The directive grants an immediate and collective (without the need for the examination of individual applications) protection to displaced persons who are not in a position to return to their country of origin, granting rights including residence, access to the labour market and housing, medical assistance, and access to education for children across the EU.
The directive was originally designed to cope with the mass influx of displaced persons following the breakup of Yugoslavia in the 1990s but has never been activated since. But with UNHCR estimates of 4 million people fleeing Ukraine during the crisis, use of the Temporary Protection Directive is aimed at protecting the EU’s asylum system from collapse. It also aims to avoid unnecessary waiting for refugees and to enable EU member states to concentrate resources and staff on assistance and support, rather than on processing visa and individual asylum applications.
Dealing with bureaucratic walls
Early in the humanitarian crisis, the UK's immigration minister Kevin Foster commented in a tweet that Ukrainians could qualify for the seasonal worker scheme and help with fruit picking, or apply for a family visa under current rules if they already have a relative in Britain. He quickly deleted the tweet after a public backlash, but, despite several pledges and a few minor amendments, at the core the UK government policy has remained the same.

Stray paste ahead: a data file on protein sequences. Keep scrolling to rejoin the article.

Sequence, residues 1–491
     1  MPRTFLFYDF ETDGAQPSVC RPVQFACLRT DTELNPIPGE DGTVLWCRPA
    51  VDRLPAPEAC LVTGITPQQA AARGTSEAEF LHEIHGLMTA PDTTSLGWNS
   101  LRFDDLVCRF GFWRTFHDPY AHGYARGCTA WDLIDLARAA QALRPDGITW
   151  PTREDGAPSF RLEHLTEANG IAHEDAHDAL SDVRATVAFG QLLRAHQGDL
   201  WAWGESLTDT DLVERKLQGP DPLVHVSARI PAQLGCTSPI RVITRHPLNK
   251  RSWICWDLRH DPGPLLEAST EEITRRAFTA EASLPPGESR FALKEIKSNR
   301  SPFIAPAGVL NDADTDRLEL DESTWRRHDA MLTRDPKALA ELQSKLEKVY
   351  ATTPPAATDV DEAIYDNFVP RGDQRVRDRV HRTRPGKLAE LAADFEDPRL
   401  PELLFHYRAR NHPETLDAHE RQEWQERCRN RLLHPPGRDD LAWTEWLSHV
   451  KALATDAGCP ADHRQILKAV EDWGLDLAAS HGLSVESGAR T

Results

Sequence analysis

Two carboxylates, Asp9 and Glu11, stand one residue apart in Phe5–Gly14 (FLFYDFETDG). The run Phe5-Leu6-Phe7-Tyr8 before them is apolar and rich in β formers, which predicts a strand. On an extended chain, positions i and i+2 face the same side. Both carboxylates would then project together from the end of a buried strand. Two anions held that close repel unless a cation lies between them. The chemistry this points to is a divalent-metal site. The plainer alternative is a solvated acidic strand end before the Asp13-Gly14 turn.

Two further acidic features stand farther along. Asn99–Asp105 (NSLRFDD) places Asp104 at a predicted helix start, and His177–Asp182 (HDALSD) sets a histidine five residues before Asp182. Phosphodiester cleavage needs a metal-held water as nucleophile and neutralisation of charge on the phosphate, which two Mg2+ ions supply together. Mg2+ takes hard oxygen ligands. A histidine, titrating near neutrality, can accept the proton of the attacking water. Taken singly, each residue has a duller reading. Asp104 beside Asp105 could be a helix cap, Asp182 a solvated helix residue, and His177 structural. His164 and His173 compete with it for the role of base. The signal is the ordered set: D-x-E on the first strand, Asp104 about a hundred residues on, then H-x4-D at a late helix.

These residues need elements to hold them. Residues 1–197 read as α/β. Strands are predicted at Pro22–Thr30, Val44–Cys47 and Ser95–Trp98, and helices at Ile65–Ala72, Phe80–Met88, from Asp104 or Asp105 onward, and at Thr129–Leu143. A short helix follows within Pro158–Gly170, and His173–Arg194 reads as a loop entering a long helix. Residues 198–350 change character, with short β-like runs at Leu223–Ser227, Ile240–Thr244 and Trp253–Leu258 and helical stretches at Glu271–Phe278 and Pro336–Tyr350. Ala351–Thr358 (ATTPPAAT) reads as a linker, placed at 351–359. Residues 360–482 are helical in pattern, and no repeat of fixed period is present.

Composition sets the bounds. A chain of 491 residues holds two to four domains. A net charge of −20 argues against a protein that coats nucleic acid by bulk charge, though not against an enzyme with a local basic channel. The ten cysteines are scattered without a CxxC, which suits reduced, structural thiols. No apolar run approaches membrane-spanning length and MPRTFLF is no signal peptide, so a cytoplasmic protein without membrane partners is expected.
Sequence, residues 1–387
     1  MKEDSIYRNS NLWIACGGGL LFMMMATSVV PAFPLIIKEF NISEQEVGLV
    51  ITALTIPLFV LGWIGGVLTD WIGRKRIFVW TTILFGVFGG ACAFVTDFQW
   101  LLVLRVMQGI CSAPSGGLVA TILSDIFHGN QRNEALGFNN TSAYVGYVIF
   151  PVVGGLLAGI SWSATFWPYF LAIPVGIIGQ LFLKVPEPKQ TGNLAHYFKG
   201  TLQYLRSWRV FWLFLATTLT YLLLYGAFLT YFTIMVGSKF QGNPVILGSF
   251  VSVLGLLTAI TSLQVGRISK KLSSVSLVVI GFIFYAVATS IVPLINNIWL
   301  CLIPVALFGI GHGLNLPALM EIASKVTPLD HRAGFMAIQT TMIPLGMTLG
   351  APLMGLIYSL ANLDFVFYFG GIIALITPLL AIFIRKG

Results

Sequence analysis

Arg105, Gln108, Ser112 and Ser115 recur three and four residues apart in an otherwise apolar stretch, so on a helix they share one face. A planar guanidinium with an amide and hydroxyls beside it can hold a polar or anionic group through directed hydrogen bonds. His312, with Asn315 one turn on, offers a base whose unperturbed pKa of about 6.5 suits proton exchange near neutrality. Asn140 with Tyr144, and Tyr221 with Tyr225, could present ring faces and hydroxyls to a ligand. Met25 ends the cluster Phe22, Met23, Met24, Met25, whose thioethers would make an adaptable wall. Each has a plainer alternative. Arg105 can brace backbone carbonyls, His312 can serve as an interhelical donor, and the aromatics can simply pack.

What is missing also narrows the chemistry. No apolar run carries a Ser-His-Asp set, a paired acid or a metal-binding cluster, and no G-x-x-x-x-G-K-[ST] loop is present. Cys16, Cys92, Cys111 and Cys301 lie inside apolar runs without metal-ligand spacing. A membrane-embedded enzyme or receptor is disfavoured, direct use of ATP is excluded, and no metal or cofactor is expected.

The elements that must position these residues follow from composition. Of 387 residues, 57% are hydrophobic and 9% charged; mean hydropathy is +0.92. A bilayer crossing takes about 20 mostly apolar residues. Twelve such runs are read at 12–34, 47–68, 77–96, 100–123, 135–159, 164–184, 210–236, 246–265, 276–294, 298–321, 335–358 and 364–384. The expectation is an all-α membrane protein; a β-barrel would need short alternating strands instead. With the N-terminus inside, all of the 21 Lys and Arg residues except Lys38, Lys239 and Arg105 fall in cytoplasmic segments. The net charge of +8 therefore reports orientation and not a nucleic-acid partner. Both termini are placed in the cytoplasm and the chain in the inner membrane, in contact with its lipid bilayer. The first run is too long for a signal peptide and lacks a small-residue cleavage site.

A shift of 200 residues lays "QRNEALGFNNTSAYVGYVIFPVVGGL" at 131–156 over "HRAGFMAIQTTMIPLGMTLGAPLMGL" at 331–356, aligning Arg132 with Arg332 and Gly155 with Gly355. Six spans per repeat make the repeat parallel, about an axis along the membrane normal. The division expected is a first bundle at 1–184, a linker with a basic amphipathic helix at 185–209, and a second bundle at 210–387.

Pressure is mounting on the government and changes may be imminent. The distance between the UK government’s statements, policy interventions and their application is impossible to hide. Any change will need to also involve a shift in the application of policies. In effect the Home Office uses a lack of resources to block or delay even migration routes that are legally available (see for e.g. family reunion for Syrian refugees). We’ve seen for example how Ukrainian refugees have to date struggled to take advantage of family reunion concessions – not just in terms of the Calais example, but also their concerns that Ireland’s much more open approach will be a back door to the UK.
This was originally published on the ODI website.